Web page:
Saturday, September 23, 2017

Follow SDSU  Follow SDSU on Twitter Follow SDSU on Facebook Follow SDSU on Google+ SDSU RSS Feed

Students Theodore Bruni and Kiedra Taylor are members of the Transfer Student Outreach Alliance on campus. Students Theodore Bruni and Kiedra Taylor are members of the Transfer Student Outreach Alliance on campus.
 


Making the Leap

Transfer students find community through the Transfer Student Outreach Alliance, a student organization created for community college students transitioning to SDSU.
By Mallory Black
 

Kiedra Taylor was on a mission: graduate and get out.

A transfer student from San Diego City College, the mother of four chose to avoid getting too involved on campus, which she assumed would delay her road to graduation.

“After I got in, I planned to keep my head down, get my ticket punched and get out because I was lucky to have even been admitted,” said Taylor, now a comparative literature and rhetoric and writing studies double major. “I thought, ‘I’m just going to get my work done.’”

It’s not uncommon for transfer students to enter the university with a similar mindset, but Taylor didn’t realize her plan would leave her feeling isolated and alone. That was, of course, until she ran into Theodore Bruni, a former SDCC classmate, in one of her classes.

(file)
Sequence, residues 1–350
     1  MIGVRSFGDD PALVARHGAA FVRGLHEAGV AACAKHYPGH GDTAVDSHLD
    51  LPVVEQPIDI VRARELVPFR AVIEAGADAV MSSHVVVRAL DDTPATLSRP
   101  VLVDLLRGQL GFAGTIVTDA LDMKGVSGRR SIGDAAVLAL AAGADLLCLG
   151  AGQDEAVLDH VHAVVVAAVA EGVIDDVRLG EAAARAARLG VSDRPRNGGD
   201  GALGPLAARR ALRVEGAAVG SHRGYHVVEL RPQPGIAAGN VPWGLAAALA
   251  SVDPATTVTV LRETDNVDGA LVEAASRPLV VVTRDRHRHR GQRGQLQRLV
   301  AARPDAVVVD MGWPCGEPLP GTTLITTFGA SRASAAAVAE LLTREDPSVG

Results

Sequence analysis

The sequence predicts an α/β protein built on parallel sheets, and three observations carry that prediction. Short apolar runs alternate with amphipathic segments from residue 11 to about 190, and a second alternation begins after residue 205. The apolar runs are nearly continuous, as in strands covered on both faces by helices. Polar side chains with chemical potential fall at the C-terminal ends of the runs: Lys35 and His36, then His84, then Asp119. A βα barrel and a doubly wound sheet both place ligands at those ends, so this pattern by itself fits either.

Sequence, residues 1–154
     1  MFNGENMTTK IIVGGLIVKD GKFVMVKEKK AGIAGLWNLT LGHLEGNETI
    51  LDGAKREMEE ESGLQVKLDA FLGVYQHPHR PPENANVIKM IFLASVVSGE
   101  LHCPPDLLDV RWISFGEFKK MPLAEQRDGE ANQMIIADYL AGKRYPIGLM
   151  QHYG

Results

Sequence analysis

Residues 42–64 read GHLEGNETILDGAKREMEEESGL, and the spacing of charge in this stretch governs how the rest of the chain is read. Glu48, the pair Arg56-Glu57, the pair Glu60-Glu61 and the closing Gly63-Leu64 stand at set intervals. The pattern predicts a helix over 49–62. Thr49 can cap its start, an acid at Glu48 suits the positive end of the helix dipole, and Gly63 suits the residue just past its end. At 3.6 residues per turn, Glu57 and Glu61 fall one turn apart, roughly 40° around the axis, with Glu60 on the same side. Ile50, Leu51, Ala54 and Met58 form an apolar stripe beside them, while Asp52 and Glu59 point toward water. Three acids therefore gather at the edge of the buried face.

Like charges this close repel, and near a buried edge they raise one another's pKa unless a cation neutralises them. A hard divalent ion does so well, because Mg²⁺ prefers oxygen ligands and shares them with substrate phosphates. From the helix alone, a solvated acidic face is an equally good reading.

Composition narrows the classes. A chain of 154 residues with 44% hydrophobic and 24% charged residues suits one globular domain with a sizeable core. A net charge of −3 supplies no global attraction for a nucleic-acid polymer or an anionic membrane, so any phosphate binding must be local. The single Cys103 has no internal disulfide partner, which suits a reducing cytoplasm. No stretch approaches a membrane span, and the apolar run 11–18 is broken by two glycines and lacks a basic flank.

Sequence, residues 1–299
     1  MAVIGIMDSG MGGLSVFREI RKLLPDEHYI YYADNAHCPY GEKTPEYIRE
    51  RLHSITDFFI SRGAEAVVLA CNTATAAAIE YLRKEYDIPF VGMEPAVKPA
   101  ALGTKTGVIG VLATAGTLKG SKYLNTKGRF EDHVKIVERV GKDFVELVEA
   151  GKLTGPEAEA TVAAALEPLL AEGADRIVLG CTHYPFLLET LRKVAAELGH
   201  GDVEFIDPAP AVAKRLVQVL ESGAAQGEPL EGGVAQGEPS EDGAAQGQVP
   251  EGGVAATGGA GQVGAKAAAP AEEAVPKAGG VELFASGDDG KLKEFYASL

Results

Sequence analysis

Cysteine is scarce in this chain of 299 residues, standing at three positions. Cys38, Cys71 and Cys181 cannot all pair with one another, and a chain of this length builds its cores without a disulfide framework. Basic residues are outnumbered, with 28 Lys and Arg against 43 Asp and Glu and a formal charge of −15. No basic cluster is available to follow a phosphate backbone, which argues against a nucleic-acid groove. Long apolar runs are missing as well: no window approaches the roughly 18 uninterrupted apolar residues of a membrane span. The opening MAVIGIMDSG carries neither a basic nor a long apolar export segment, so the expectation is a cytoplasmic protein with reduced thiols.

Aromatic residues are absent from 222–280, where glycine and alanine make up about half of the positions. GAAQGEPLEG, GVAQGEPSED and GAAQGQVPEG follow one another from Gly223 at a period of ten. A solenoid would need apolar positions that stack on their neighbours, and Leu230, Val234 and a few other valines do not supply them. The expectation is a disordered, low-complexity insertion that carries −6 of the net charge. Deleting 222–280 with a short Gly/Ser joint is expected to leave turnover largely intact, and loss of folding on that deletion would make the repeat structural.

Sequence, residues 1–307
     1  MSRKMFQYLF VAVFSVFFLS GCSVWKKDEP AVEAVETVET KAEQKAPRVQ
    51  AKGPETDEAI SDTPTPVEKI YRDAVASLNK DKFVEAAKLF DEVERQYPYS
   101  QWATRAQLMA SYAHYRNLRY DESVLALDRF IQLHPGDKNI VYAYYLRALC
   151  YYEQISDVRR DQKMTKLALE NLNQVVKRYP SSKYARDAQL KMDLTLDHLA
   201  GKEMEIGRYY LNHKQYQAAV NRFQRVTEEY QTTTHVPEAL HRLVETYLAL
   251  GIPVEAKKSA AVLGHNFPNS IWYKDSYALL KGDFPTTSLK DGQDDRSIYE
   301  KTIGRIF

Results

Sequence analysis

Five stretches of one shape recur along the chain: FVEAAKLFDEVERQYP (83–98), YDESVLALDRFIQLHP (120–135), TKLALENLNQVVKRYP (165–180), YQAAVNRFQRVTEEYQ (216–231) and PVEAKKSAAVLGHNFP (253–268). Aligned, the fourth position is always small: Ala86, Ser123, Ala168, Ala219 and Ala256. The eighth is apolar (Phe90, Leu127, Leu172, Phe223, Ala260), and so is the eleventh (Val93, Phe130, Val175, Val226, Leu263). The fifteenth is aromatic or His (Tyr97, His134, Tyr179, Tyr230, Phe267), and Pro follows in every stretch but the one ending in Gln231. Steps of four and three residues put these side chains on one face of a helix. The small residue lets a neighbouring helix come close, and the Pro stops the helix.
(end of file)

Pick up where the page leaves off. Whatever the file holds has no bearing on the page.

Gregarious and outgoing, Bruni, who also goes by “Teddy,” immediately asked what she was involved in; Taylor didn’t have much to report.

“He said, ‘No, no, no. That is not how it’s supposed to be,’” she said with a smile.

“But seeing him was so refreshing because I hadn’t recognized a lot of faces on campus,” she added. “I feel like there are a lot of transfer students on campus; we just don’t see each other.”

It was the friendly encouragement she needed to finally reach out and connect. Months later, Taylor’s achievements include presenting at the SDSU Student Research Symposium this past March and helping Bruni establish the Transfer Student Outreach Alliance (TSOA), a new student organization aimed at fostering transfer student success.

Together, TSOA provides transfer students with informational meetings and workshops, and conducts outreach to local community colleges and campus partners.

“Teddy saved my life because I was not planning to speak up,” Taylor said. “I don’t feel excluded anymore.”

A transfer student lifeline

The idea for the Transfer Student Outreach Alliance was born out of conversations Bruni had with students and one of his campus mentors, Assistant Dean Michelle Lopez in the Division of Undergraduate Studies, last fall.

He said those talks made him realize transfer students could benefit a student-driven support network of their own.

“This is about changing that transfer perspective from just grabbing a degree to instead realizing there is so much this school has to offer,” said Bruni, an English major and Honors interdisciplinary studies minor.

“We want to connect students with like experiences,” he continued. “I’ve gone through what most transfer students go through — that transition — but I’ve had a lot of mentorship and support, and I’ve also not given up.”

Originally from the Chicago suburbs, Bruni’s transition to SDSU began in the fall of 2014. At the time, he was offered a seat in The Weber Honors College for high-achieving students.